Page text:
November 4, 2009

A New Pooh??? New Sequels to Old Classics

Posted by at 6:59 am in Reads | Permalink

Classic_sequels“If it ain’t broke, don’t fix it.”

“You’ll never know if you don’t try.”

These two dueling opinions have existed since the beginning of time (ok, maybe for just a very long time!) and I thought about them again and again as I wrote this week’s blog post.
You see, there has been some controversy about new sequels to old classic books recently. Are they as good as the original? Is it a good thing to find out what happens to the characters, or would it be better to leave them alone? I went into this assignment with an open mind to try to get to the bottom of it. . .

Take for example the beloved classic Winnie-the-Pooh series by A.A. Milne written in 1926. I hadn’t read it in years but once I picked it up a few days ago, I couldn’t put it down. It had me chuckling to myself. I was also slightly shocked at how un-politically correct it was! Example: Pooh gets stuck in Rabbit’s hole while coming for a visit. Rabbit tells Pooh it’s because he eats too much (and is fat!) so it’s his own fault. Pooh maintains Rabbit should have a proper front door, and not a hole in the ground. Christopher Robin comes up with a solution: they will have to wait for Pooh to get thin again! So the friends all wait one week for Pooh to lose weight and be able to slip out of Rabbit’s hole. Hilarious. It’s story upon story like this that makes this book a classic. A.A. Milne’s writing in the original Pooh is simple and to the point. Every sentence drives the story or is funny.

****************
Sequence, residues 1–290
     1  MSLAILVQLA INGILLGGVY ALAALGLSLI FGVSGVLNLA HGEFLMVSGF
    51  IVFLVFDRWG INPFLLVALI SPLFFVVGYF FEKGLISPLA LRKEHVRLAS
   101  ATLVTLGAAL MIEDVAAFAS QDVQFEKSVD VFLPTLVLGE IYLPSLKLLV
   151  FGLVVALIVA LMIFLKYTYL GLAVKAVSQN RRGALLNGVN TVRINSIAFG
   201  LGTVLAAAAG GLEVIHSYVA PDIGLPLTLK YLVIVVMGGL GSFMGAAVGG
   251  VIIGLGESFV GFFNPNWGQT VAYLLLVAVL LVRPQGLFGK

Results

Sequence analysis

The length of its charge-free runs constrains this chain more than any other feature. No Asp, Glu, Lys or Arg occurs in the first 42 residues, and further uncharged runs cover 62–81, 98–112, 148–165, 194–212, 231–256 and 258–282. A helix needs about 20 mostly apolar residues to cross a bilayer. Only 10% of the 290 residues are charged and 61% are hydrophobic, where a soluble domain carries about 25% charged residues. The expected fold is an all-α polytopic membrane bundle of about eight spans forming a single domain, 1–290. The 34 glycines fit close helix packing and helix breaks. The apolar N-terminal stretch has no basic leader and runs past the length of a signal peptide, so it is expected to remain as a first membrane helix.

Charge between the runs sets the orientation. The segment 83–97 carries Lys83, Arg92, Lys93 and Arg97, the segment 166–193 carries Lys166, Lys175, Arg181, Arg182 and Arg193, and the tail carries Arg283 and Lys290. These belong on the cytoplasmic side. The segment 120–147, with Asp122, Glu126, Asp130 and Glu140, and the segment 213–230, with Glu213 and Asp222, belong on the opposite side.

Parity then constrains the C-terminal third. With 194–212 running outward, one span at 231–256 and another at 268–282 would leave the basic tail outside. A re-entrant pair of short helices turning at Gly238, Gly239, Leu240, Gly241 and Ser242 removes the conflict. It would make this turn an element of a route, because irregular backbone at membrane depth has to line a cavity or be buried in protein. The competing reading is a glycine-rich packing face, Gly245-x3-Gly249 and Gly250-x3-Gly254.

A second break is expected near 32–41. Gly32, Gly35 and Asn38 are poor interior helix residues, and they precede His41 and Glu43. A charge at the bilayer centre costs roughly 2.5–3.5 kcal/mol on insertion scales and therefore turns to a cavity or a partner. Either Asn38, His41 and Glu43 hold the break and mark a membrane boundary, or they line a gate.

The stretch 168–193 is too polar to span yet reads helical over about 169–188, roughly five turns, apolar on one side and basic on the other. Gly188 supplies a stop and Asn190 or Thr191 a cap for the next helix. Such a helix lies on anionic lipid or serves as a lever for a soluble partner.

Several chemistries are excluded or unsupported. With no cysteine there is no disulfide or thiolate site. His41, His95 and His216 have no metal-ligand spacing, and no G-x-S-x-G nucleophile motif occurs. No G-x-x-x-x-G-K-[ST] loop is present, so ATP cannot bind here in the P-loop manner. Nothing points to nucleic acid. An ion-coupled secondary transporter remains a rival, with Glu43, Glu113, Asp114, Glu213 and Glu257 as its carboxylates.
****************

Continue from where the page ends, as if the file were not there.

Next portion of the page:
Last month, David Benedictus’ authorized sequel Return to the Hundred Acre Wood was published. Now Pooh and Piglet live together, and Piglet is no longer jealous of Pooh. There are more characters, and a few more female characters, which is great. Will it live up to the great stories and drama of the original? Or will it be a gentler, well mannered version? Read it and decide.